The transportation sector of the United States economy is composed of nine industrial groups. One particular group moves more volume of tonnage based on ton miles than any other form of transportation – railroads. In accordance with the Federal Department of Transportation, railroads move 39.5% of all freight in the US (based on ton miles which is the length freight travels). It’s a $60 Billion industry with over 140,000 miles of track. It is dominated by seven major carriers (referred to as Class I Railways). Six of these carriers are publicly traded. The seventh is owned by Berkshire Hathaway. A recent announcement by Canadian Pacific Railroad to merge with Kansas City Southern will consolidate this railways pool to five potential investments in the third quarter of this calendar year 2021.
The key to success with this pool is determining intrinsic value. This is one of the few times that the discounted cash flows method is warranted in the intrinsic value formula. Once calculated, given the high stability of earnings, the intrinsic value is adjusted annually about four to five percent higher depending on financial and actual performance in accordance with each railroad’s key performance indicators.
The following articles articulate this railways pool of investments and provide all the decision model justifications, formulas, changes and reasoning for the respective buy/sell model. You must be a member of the Value Investment Club in order to access the respective articles and the buy/sell model. Click here to join: Membership.
Currently, late April of 2021, all the railroad stocks are performing at new historical highs. This has been the case now for almost five months. Historical analysis of railway stocks identifies that they are highly correlated with the overall economy which makes sense given their strong relationship to movement of freight. Thus, in order to have an opportunity to buy, the major indices must have retrenchment of some significant percentage, typically more that 15%. This is when opportunities to buy will come to fruition. Until then, a value investor can only wait.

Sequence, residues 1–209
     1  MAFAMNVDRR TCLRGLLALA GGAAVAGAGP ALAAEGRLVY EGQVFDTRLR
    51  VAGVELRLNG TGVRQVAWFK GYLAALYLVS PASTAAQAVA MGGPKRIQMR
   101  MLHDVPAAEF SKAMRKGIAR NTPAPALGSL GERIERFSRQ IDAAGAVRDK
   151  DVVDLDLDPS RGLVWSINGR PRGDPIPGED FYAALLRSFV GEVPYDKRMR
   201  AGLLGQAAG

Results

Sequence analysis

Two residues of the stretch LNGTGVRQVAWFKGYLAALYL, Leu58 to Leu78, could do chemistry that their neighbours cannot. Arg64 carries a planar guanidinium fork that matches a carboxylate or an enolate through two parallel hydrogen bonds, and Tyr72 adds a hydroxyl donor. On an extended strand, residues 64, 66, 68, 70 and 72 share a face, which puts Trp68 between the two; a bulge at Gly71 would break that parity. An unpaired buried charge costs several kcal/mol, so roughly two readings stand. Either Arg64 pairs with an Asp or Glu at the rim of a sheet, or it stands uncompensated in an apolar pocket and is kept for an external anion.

Value Investing Episode 1 – Introduction and Membership Program
The following graph illustrates the performance of the railways pool during the first year. In effect, this pool outperformed the market by a factor of 3.5. Furthermore, it was able to achieve this with only FIVE full cycle transactions.
From the Lessons Learned article posted a few days ago, in order to gain higher returns, the investment model needs to have greater dispersion with my buy/sell trigger points in its model. Last year, the buy/sell triggers for Union Pacific were a 17% market price decrease from the prior peak and to sell at 100% of prior peak.
This purchase point is driven by the model update whereby market price decreases must hit 18% decrease and the sell point increases to 102% of the prior peak price. This post covers the model update and the associated dollar amounts tied to Union Pacific.
With options, an owner of stock fears a sudden steep drop in price and thus they may purchase an option called 'PUTs' to force someone to buy the stock at a preset price. The key for the owner of a PUT is to set a floor price for their existing stock position. A seller of a PUT desires to own the stock at a certain price if it can get there.